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Van Volxem Scharzhofberger Riesling Grosses Gewachs 2015

Van Volxem Scharzhofberger Riesling Grosses Gewachs 2015

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£31.99


"Pit- and seed-inflected white peach and pear are garlanded in iris and lily-of-the-valley, cresses and mint, for a bittersweet, invigoratingly piquant, yet soothingly cooling performance, as intimated on the head-turning nose. A striking combination of textural creaminess with animating juiciness as well as transparency to a near-kaleidoscopic array of floral, herbal and mineral nuances carries into a buoyant, tinglingly bright, exhilaratingly vibrant finish of prodigious sheer length and not forgetful of Riesling’s first duty to refresh. Drinking window: 2017-2030. 94 points

“Not one wine is over 12 percent alcohol,” noted a justifiably proud Roman Niewodniczanski of his superb 2015 collection. And that’s even though once again this vintage virtually all of the wines save for those labeled with a Prädikat are legally trocken – not just, as required, those that have for the first time been labeled “Grosses Gewächs.” (That having been noted, you still won’t find the descriptor trocken on any Van Volxem labels.) Niewodniczanski displayed even more than his usual enthusiasm in gushing over the 2015 vintage. “We never before tasted such delicious berries during harvest. The cool autumn was even cooler on the Saar than elsewhere,” he maintained, “and that gave us finesse and brilliance on top of almost exotic ripeness.” For the first time, all of the important sites were picked in no fewer than three passes, a process that began in late September and proceeded with unusual leisure throughout October. As in other recent years, a team of specialists (all female, Niewodniczanski again insisted on noting) deftly picked out any remaining imperfections from the raw material as it entered the press house. “That applied to the ‘Schiefer’ Riesling every bit as much as to the grands crus,” insisted Niewodniczanski, so that “not one botrytized or shriveled berry made it into the dry wines.” Bottling was completed by August. These 2015s delectably demonstrate the extent to which Niewodniczanski and cellarmaster Dominik Volk have perfected the art of balancing lees-enrichment against refreshment and clarity. Although I consider this a case of going out on a limb, with my latest drinking windows I have met Niewodniczanski roughly halfway in predicting how well his wines will age.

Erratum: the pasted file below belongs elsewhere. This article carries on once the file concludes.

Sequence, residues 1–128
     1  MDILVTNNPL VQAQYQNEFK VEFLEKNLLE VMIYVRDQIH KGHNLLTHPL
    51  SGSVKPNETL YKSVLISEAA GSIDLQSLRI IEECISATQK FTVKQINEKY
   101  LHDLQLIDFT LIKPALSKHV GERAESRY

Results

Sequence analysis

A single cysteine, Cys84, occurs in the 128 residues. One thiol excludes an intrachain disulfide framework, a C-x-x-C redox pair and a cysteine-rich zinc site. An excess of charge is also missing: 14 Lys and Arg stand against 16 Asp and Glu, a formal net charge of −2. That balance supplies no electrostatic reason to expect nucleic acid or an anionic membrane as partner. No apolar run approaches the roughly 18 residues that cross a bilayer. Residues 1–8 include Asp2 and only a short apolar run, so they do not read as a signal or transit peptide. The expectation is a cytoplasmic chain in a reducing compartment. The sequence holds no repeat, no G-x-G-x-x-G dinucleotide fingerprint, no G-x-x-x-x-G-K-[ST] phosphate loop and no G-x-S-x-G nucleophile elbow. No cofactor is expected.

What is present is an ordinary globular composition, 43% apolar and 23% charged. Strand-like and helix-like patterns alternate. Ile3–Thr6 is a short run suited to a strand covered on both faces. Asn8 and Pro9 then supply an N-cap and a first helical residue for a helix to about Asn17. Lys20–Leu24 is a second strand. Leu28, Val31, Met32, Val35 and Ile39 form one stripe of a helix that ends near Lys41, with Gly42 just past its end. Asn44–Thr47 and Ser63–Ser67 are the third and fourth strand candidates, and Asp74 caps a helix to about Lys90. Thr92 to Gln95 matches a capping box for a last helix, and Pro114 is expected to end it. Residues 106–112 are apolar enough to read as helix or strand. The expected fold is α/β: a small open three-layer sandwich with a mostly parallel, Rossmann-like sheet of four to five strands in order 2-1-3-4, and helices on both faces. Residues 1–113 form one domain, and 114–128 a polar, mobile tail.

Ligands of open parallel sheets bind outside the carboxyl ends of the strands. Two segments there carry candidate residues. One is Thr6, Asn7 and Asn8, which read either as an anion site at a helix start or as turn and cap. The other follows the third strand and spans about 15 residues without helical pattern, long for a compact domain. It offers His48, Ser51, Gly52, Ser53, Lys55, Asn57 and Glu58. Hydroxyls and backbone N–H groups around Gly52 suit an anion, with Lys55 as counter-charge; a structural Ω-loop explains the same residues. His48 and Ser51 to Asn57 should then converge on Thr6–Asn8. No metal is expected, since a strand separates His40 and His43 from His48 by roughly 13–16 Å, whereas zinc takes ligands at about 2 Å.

The 2016 harvest was processed in a huge and sophisticated new facility atop the Saarfeilser Marienberg, which will accommodate so many new concrete tanks and fuders (of oak from Niewodniczanski’s native Eifel) that he can gradually fulfill his dream to hold back a portion of most wines – and not just vineyard-designated ones – for a second or even third year before bottling. Beginning with 2015, Niewodniczanski has acquired extensive acreage contracts along the Mosel in Mehring and Schweich, not far downstream from Trier, whose fruit will inform both his “Schiefer” and “Alte Reben” (formerly “Saar Alte Reben”) bottlings. I wrote in my introduction to this estate’s 2014s about the audaciously ambitious project of clearing and replanting the Ockfener Geisberg, but while Niewodniczanski waits for those young vines’ first fruits, old-vine parcels next door in Ockfener Bockstein have been taken aboard with the 2015 vintage."

David Schildknecht, Vinous (05/17)